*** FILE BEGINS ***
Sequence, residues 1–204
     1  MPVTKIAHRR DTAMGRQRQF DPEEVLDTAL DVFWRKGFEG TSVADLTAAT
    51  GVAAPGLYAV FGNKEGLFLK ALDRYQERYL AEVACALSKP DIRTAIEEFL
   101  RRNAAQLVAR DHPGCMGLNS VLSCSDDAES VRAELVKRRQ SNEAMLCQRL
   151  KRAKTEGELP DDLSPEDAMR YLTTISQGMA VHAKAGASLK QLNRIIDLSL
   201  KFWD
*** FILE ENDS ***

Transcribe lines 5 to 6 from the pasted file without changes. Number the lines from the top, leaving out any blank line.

   151  KRAKTEGELP DDLSPEDAMR YLTTISQGMA VHAKAGASLK QLNRIIDLSL
   201  KFWD